Discover Le Havre, Where Impressionism Was Born

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As the fog of dawn lifted one morning in mid-November 1872, Claude Monet looked out the window of his hotel room in the French city of Le Havre and furiously painted his vision of its industrial harbor. He flung his brush with quick strokes and played with the water, stretching it with rays of color.

In one sitting, he created “Impression, Sunrise,” a painting of a vivid orange sun with its reflection shimmering in the sea.

In 1874, Monet, who grew up in Le Havre on the Normandy coast, included the painting in an exhibition of 30 artists’ work organized in response to the Paris Salon, an annual showcase of academic art. The critic Louis Leroy denounced “The Exhibition of the Impressionists” and mocked the title of Monet’s painting. “An impression, I’m sure,” he wrote. “I thought to myself, this has made an impression on me so there must be impressions somewhere in there.”

This year, France is celebrating the 150th anniversary of the movement. In Paris, the Musée d’Orsay is exhibiting 130 works from and related to the 1874 exhibition and offering a one-hour immersive tour with virtual reality headsets. It is sending 178 other works to more than 30 museums throughout France.

The Musée Marmottan, which owns “Impression, Sunrise,” has agreed to lend it to the Orsay until July for its exhibition “Paris 1874: Inventing Impressionism” and to the National Gallery in Washington where the exhibition travels in September.

But to discover a fresh and unexpected view of Impressionism requires a visit to Le Havre, France’s most important seaport and its most underappreciated big city.

Once there was a direct New York-to-Le Havre route on the French Line, whose luxury cruise liners pampered rich Americans with fancy suites and fine French cuisine. Le Havre was their first point of entry into the Old World.

But in more recent times, cruises and tour operators preferred to take their passengers to the Normandy beaches and to charming, quaint Honfleur on the other side of the Seine estuary, rather than to gritty Le Havre. Even today, many Parisians have never visited.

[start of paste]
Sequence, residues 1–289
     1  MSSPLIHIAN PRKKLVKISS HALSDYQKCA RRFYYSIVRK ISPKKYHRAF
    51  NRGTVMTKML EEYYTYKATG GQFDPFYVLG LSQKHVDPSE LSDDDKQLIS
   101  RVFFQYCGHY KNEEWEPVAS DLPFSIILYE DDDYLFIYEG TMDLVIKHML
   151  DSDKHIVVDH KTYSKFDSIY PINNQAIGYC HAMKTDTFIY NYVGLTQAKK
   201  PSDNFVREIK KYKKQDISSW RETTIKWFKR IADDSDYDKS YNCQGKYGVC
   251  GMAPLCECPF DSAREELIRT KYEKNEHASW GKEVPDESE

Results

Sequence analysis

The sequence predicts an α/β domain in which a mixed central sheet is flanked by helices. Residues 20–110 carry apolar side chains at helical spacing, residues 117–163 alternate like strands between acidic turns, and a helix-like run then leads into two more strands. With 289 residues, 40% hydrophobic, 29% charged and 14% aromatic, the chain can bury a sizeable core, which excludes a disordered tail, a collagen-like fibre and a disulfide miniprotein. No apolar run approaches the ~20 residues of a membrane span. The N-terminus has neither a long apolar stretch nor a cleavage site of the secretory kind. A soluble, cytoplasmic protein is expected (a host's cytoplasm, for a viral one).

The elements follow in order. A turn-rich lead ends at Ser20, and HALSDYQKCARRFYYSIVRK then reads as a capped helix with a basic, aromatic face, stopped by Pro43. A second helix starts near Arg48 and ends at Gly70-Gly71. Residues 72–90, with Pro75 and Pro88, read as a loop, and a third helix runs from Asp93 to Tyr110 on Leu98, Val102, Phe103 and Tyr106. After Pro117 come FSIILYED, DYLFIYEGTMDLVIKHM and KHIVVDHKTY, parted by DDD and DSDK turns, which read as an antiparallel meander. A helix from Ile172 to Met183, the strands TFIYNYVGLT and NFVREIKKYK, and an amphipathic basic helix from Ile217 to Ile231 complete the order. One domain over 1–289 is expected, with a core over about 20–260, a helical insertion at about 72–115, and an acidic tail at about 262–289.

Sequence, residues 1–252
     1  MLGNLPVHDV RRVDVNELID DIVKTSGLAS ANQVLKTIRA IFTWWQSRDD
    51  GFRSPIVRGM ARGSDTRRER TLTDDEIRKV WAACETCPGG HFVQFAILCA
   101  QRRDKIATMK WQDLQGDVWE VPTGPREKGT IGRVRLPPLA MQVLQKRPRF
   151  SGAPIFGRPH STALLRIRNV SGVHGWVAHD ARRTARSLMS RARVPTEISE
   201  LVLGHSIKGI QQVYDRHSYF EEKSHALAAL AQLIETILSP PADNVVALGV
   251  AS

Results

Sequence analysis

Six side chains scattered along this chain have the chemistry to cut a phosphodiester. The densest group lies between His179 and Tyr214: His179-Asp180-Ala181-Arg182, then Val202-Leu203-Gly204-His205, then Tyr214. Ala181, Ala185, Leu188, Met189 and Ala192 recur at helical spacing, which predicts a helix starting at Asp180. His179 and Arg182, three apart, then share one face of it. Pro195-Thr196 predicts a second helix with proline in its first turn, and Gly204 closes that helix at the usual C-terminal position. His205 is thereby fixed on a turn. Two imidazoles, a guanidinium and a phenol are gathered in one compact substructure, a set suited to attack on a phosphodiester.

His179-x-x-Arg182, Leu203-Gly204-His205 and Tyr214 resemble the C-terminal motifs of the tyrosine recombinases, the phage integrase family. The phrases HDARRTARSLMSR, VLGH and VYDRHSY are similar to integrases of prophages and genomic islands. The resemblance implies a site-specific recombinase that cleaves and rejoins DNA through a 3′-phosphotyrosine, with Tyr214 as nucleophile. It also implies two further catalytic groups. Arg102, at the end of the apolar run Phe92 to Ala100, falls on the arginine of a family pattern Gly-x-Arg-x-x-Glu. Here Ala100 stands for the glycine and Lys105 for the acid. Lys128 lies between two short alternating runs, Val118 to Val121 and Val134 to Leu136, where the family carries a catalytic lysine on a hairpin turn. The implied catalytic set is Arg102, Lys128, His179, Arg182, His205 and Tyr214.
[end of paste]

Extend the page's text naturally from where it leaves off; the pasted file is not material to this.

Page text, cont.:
“It used to be that people who came from Le Havre rarely admitted it,” said Édouard Philippe, the mayor of Le Havre and a former French prime minister, in an interview. “People made fun of them. A bit like how people from New Jersey got used to being made fun of because they lived on industrial land that was less beautiful than New York. That all changed. Le Havre is now in fashion.”

To prove his point, he picked up a coffee mug with an intersecting L and H — the new emblem of Le Havre that adorns products — like T-shirts and tote bags — sold throughout the city.

It’s worth a trip to Le Havre just to visit the Musée d’Art Moderne André Malraux, which opened in 1961.

With its white walls, steel frame and floor-to-ceiling glass facade that gives a view out to the sea, the museum allows visitors to revel in the light — luminous and somber — produced by the fickle weather of Normandy. A second-floor balcony that looks out over the museum’s outdoor esplanade and the sea adds to the feeling of openness.

“There was a desire from the beginning to make the museum open to the great spectacle of the changing elements outside,” said Géraldine Lefebvre, the museum’s director.

MuMa, as it is called, has arguably the most important collection of Impressionist paintings in France outside the Musée d’Orsay (Rouen’s Musée des Beaux-Arts makes the same claim). MuMa’s collection is also home to some of the world’s most famous paintings from the Fauvist movement that followed. And unlike the gridlocked Orsay, MuMa is always gloriously undervisited.

“Go to the Orsay, and then come here,” said Ms. Lefebvre. “We battle a little with Rouen, but in terms of the numbers of works and their quality, we are No. 2.”

Ms. Lefebvre has studied and written about Monet’s “Impression, Sunrise.” She worked for a year with Donald Olson, a Texas State University astronomer and physics professor who used topographical, meteorological and astrological studies to calculate the precise date and time of its creation. According to Dr. Olson, she said, Monet painted it at 7:35 a.m. on Nov. 13, 1872.

The Hotel de l’Amirauté, where Monet stayed when he painted “Impression, Sunrise,” is long gone — replaced by a modern apartment building with a bar-bistro and a gift shop on the ground floor.

Ms. Lefebvre and I visited the site, and she captured the scene: “It was winter; the temperature was freezing. The wind was blowing from the west. The light was just coming up from the sea. The moment the sun came up, he worked in one great burst of energy.”

Le Havre is not an ancient city like Paris. When the French king François I created the port of Le Havre in 1517, priority was to create “un havre” — a harbor — that would serve as both a military site to protect France from invaders and a commercial port to open Paris to the world. The city was an afterthought.

Trade exploded over time. Wealthy merchants built grand homes in the coastal town of Sainte-Adresse, northwest of Le Havre.

In August 1944, the British Air Force rained bombs on the city and its inhabitants; 2,000 civilians were killed, 80,000 were left homeless and more than 80 percent of the city was destroyed.

In the 1950s, the French architect Auguste Perret, working with a tight budget and on a deadline, oversaw Le Havre’s reconstruction. A master of precast concrete, he used the cheap, plentiful material to build 150 residential blocks with identical modular frames, a rectangular grid system of streets, and wide sidewalks and boulevards. All the apartments had central heat and modern appliances.